Tuesday, August 07, 2018

Bad Theories, Good People

Having a bad moral theory does not make somebody a bad person.

In other words, there are a lot of people who, in trying to understand morality, adopt some odd moral theories. Moral nihilism, subjectivism, act-utilitarianism, relativism, Ayn-Rand objectivism, Christianity, Islam . . . all of these are incorrect moral theories. They are mistaken, in some way, about the nature of right and wrong, good and evil. However, the person who adopts them is not necessarily a bad person.

This is because morality (and immorality) is grounded in our sentiments – our desires and aversions – and not in our beliefs.

I don’t think you could even find a real act-utilitarian. A real act-utilitarian would have to have only one desire – a desire to maximize utility. If the agent had any other desire – even so much as an aversion to pain, a concern for her own children, a preference for butterscotch over chocolate – if she had any other desire at all, then there would be circumstances where she would fail to do the act-utilitarian. There would be some set of circumstances where the desire to maximize happiness would be nearly balanced between two near equal options, and the aversion to pain or preference for butterscotch will tilt the balance in favor of the side with the lower overall utility.

And people with only one desire – a desire to maximize happiness – do not exist. The act-utilitarian (regardless of her devotion to this moral theory) is constantly acting on a whole set of desires – including her aversion to her won pain, culturally provided aversions to lying and breaking promises, desires to repay debts, aversions to killing the innocent, affection for friends and family members, and a whole host of other interests constantly pulling them away from performing the act-utilitarian best act.

There isn't a Christian who reliably follows the Bible. Indeed, any who did would be in jail. And few people (though not few enough) who profess the selfishness ideology of Ayn Rand are genuinely selfish.

The same is true of the moral subjectivist, the moral relativist, and the moral nihilist. No matter what they claim to be true about morality, their behavior is still governed by these innate and socially constructed preferences, motivating them to tell the truth, repay debts, to refrain from taking the property that belongs to others without their consent, against murder, and against rape.

We see the same among people who claim to get their morality from scripture. They claim that their morality comes from god as expressed in whatever book they use for scripture. However, when you watch their behavior, you see them counting as “wrong” things that scripture does not prohibit, and refusing to follow commands found in scripture we have since learned to be wrong. They either reinterpret scripture so that it fits the moral facts, or simply ignore it and focus only on the parts that seem right.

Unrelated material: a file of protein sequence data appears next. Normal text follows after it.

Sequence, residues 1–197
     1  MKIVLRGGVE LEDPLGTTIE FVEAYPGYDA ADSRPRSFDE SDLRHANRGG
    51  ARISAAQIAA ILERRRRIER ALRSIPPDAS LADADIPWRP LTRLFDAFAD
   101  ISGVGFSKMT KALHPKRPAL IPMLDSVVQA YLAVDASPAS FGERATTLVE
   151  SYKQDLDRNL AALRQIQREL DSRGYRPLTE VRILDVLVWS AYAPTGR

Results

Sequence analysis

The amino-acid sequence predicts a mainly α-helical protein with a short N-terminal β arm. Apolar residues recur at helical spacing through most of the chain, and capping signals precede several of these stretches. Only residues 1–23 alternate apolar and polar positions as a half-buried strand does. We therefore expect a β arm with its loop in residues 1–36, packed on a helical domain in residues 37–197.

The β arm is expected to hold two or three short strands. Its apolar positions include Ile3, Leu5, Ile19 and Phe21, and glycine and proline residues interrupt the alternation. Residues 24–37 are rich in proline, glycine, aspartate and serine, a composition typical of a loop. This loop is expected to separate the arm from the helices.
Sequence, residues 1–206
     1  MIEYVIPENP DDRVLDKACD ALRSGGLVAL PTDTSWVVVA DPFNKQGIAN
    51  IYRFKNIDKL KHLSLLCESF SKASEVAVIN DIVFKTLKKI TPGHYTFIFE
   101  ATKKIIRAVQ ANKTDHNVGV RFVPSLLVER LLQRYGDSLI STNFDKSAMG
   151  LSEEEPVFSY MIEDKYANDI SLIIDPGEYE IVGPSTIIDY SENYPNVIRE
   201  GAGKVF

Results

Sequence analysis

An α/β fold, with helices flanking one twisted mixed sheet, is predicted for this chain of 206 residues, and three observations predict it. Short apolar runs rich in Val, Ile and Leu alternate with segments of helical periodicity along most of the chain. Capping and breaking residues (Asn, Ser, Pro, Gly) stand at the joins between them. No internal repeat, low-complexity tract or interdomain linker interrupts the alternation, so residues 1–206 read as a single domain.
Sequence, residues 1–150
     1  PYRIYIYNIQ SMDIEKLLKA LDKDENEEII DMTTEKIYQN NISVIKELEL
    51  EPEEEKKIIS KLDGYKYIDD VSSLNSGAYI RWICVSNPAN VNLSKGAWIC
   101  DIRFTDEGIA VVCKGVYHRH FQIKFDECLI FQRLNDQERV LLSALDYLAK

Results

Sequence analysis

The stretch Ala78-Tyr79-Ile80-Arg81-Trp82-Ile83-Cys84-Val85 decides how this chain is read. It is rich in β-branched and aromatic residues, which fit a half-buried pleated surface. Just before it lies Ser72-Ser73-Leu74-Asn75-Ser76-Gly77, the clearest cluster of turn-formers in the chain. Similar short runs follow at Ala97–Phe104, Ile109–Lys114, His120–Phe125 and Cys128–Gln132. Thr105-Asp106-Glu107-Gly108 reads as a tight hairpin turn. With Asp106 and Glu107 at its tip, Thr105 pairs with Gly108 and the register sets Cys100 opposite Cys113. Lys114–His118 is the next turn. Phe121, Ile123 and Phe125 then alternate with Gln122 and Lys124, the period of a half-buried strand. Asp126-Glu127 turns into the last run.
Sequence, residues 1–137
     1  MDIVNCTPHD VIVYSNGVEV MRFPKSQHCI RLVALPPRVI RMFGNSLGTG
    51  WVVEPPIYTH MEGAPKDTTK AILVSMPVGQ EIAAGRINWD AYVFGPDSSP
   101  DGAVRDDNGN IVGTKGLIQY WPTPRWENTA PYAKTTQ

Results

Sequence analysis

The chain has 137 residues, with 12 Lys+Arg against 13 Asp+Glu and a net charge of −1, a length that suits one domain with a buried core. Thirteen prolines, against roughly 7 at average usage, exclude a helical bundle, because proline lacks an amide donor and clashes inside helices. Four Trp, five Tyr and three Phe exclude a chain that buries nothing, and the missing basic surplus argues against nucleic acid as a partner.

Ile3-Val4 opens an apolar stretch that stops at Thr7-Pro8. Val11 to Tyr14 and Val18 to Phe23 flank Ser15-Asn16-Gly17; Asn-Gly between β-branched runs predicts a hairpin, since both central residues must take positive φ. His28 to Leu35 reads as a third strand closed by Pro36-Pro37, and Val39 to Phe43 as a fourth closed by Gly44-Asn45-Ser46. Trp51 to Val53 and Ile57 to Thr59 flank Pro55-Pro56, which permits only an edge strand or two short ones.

This is not to say that bad theories are harmless.

Bad theories are harmful in several ways.

First, we acquire (through culture) a desire to do that which is right and an aversion to do that which is wrong. A false belief that X is right (when it is in fact wrong) motivates people to do X – to do that which is in fact wrong. False beliefs about the permissibility of slavery provide an example.

Second, bad theories serve to motivate praise for that which the theory says is right and condemnation of that which the theory says is wrong. This praise and condemnation, in turn, acts on the sentiments. This praise and condemnation brings about desires and aversions that people with an understanding of the facts (unhindered by the bad theory) would realize they have no good reason to promote. The bad theory causes them to praise what they should condemn, and to condemn what they should praise. When this praise and condemnation acts on the reward system, it produces effects that people generally have reason to avoid.

Third, not only does a bad theory motivate praise for things that are bad, it sometimes causes people to refrain from praising things that are good. An Ayn Rand Objectivist fails to motivate the praise of charity and kindness that helps people to survive and get along in the world when fortune turns against them.

So, bad theories are not harmless. There are reasons to try to get the moral theory right.

I have often used the analogy of riding a bike. Many people who can ride a bike - and do so quite well - cannot accurately explain what it is they do when they ride a bike. They think they keep their balance by shifting their weight back and forth. In fact, they keep their balance by turning the front wheel slightly and allowing momentum to carry them back and forth over the center of gravity. The fact that they have a bad theory does not prevent them from being a good bike rider. Similarly, a person with a bad moral theory might - just might - do a very good job of identifying and promoting good desires, have those desires that a people generally have reasons to promote, and lack desires that people generally have reason to inhibit.

Any direct inference from, "Your moral theory is mistaken," to "You are evil and worthy of condemnation because you have the moral facts wrong," is not necessarily valid.

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